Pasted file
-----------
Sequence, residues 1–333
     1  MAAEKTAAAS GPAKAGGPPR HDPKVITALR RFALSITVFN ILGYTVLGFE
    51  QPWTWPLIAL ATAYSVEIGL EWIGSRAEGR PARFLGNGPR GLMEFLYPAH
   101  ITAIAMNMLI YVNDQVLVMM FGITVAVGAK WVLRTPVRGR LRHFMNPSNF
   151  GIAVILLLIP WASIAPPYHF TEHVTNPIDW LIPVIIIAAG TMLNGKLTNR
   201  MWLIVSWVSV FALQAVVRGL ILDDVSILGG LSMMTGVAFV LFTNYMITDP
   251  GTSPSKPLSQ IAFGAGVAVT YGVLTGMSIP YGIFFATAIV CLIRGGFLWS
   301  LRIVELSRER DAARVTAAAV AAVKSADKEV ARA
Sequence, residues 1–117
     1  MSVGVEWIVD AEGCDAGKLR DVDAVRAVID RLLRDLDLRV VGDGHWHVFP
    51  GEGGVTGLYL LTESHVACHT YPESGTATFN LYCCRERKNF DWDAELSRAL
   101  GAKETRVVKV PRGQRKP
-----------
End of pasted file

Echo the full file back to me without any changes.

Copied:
Sequence, residues 1–333
     1  MAAEKTAAAS GPAKAGGPPR HDPKVITALR RFALSITVFN ILGYTVLGFE
    51  QPWTWPLIAL ATAYSVEIGL EWIGSRAEGR PARFLGNGPR GLMEFLYPAH
   101  ITAIAMNMLI YVNDQVLVMM FGITVAVGAK WVLRTPVRGR LRHFMNPSNF
   151  GIAVILLLIP WASIAPPYHF TEHVTNPIDW LIPVIIIAAG TMLNGKLTNR
   201  MWLIVSWVSV FALQAVVRGL ILDDVSILGG LSMMTGVAFV LFTNYMITDP
   251  GTSPSKPLSQ IAFGAGVAVT YGVLTGMSIP YGIFFATAIV CLIRGGFLWS
   301  LRIVELSRER DAARVTAAAV AAVKSADKEV ARA
Sequence, residues 1–117
     1  MSVGVEWIVD AEGCDAGKLR DVDAVRAVID RLLRDLDLRV VGDGHWHVFP
    51  GEGGVTGLYL LTESHVACHT YPESGTATFN LYCCRERKNF DWDAELSRAL
   101  GAKETRVVKV PRGQRKP